Usefulness of corporate social responsibility disclosures to investors: Effects of sustainability reporting quality and secrecy on earnings forecasts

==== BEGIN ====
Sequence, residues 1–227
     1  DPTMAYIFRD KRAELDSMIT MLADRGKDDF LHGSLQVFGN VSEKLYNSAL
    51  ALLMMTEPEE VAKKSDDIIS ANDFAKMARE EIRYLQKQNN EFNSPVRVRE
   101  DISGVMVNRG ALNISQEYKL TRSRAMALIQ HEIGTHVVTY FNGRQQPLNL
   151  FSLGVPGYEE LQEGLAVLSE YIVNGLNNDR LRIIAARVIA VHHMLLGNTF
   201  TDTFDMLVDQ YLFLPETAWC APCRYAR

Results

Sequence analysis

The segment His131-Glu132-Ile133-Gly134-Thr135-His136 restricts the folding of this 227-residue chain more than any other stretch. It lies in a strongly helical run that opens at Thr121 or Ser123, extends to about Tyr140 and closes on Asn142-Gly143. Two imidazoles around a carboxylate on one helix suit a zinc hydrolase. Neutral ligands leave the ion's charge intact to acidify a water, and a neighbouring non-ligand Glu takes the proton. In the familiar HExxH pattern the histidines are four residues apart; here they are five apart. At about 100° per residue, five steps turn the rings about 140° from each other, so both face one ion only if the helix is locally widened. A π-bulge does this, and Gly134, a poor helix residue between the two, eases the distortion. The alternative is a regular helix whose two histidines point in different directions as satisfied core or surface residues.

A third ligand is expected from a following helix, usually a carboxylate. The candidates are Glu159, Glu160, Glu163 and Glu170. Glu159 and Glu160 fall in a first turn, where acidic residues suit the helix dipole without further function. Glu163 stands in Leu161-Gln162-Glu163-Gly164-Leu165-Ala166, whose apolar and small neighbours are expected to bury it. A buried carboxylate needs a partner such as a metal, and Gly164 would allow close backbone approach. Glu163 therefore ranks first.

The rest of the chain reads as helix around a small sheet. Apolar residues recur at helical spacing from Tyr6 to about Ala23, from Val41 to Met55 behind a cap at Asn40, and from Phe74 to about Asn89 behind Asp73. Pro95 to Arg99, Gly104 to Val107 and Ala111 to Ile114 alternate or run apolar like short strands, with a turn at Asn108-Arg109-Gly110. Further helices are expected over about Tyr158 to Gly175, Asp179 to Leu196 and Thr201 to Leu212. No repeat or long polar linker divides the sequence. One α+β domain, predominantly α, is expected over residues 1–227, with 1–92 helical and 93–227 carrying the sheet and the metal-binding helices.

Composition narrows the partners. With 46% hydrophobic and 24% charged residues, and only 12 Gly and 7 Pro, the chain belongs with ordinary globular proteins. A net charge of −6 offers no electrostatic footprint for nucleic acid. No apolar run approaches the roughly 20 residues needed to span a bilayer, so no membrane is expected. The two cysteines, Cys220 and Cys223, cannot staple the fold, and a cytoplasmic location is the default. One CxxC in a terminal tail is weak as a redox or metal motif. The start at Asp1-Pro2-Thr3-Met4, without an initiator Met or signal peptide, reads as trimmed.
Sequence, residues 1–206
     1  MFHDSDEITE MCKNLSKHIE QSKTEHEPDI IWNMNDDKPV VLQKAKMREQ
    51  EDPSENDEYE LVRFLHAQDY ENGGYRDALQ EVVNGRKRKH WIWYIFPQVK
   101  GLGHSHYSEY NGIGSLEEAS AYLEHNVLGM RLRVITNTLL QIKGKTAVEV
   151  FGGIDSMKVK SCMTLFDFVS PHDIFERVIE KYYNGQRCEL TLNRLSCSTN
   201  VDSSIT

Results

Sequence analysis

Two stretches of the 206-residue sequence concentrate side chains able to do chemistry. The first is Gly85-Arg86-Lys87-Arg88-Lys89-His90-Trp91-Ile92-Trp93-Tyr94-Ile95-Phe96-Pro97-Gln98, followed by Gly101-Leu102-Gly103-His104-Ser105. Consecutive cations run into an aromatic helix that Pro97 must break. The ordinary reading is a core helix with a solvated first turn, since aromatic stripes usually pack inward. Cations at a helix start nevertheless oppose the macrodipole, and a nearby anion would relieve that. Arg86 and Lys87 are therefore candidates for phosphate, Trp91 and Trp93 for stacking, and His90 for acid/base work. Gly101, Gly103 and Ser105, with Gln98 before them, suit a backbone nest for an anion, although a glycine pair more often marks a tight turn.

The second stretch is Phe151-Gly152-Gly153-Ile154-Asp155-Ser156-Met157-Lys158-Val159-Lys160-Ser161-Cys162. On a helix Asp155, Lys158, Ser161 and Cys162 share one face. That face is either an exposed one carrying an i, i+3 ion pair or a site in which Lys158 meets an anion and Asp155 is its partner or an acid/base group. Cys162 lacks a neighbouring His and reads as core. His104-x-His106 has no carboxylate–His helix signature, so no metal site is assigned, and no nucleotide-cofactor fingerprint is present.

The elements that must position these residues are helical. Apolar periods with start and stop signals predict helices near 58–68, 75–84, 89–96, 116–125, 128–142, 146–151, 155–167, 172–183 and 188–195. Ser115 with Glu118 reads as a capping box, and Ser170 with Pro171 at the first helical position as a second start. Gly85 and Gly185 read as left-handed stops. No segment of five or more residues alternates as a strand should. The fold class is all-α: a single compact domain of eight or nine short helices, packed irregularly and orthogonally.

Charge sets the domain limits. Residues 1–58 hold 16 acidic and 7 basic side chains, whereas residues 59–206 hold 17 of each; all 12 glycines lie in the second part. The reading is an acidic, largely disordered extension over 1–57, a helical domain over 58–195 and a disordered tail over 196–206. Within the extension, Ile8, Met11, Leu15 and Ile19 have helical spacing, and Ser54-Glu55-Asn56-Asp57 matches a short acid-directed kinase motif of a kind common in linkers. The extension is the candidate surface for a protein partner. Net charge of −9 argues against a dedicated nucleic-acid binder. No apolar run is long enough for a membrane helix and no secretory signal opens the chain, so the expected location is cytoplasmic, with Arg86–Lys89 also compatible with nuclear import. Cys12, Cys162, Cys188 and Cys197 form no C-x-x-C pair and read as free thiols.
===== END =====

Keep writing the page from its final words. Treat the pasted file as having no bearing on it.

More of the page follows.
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Even though disclosure of CSR reports is widespread, research on whether and how disclosure affects the capital market does not provide consistent results. This study posits that for CSR disclosure to be useful, companies need to make an effort, and stakeholders should positively perceive the efforts made. Specifically, sustainability reporting quality (SRQ) and secrecy represent internal and external legitimation structures that explain variations in the usefulness of CSR disclosures to investors. While SRQ indicates variations in managerial legitimation on the quality of CSR disclosure, secrecy indicates variations in cultural legitimation on CSR issues. This study argues that SRQ, as a result of managerial considerations, and secrecy, as a result of cultural norms and values, determine the extent to which disclosure of a CSR report is useful to investors. Useful CSR disclosures will result in a decrease in information asymmetry and improved earnings forecast accuracy. Using a sample of 2317 firms, among 54 different countries, that voluntarily issued CSR reports, during the years 2012-2018, the results show that SRQ positively affects earnings forecast accuracy, and that secrecy moderates the SRQ-earnings forecast relation. The results indicate that SRQ and secrecy explain variations in the usefulness of CSR disclosure to investors internationally.
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